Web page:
Poster Session C, Sunday, March 24, 5:00 – 7:00 pm, Pacific Concourse
Predictors of individual differences in recognition memory in healthy ageing
Helena Gellersen1, Ben G. Farrar1, Alexandra N. Trelle2, Richard N. Henson1, Jon S. Simons1; 1University of Cambridge, 2Stanford University
This study investigated individual differences in recognition memory of perceptually similar objects in healthy ageing. We teased apart the contributions of strategic retrieval processes and representational quality by contrasting Forced Choice (FC) and Yes/No (YN) recognition memory tasks, where the latter places higher demands on strategic retrieval. 110 older and 55 young adults performed object recognition memory tests, neuropsychological tests measuring executive functioning (EF; as proxy for strategic retrieval abilities), and object and scene perceptual discrimination tasks with low and high feature overlap (as proxy for representational quality). Older adults performed worse on both high ambiguity discrimination tasks and had lower scores on both memory tasks. FC and YN scores were entered into two multivariate regression models with age, MoCA score, and low-level perceptual ability as control variables and scores on EF and high ambiguity scene and object discrimination as predictors of interest. YN scores were best explained by a model containing age and EF, while FC scores were additionally predicted by high ambiguity object discrimination. Even when controlling for both FC scores and age in the YN model, EF still emerged as a significant predictor. In conclusion, decline in strategic retrieval processes and representational quality are two major factors underlying age-related memory decline. Their relative contributions depend on task demands, with high representational quality being insufficient to achieve accurate performance when demand for strategic retrieval increases. Future directions include manual segmentation of MTL subregions to elucidate the association between grey matter volume and performance in these cognitive tasks.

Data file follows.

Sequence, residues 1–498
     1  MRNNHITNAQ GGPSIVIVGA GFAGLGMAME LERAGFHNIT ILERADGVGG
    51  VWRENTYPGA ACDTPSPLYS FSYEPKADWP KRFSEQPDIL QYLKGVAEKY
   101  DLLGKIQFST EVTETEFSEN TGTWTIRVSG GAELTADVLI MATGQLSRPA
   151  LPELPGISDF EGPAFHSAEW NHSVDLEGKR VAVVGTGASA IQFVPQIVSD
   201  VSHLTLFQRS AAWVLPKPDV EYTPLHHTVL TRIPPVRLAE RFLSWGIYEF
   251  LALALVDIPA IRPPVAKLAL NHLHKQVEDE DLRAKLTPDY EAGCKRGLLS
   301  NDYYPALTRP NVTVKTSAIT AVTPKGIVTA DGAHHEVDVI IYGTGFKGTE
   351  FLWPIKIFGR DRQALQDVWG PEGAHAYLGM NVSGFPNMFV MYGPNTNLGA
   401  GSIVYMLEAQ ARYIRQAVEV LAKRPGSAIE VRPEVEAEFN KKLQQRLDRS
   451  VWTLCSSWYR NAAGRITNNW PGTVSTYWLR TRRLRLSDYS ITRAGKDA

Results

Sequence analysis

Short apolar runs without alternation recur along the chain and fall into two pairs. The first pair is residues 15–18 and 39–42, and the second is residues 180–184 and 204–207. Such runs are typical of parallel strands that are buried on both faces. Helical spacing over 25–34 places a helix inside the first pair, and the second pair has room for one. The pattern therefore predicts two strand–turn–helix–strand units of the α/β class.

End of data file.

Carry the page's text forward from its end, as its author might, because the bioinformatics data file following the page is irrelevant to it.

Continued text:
Topic Area: LONG-TERM MEMORY: Development & aging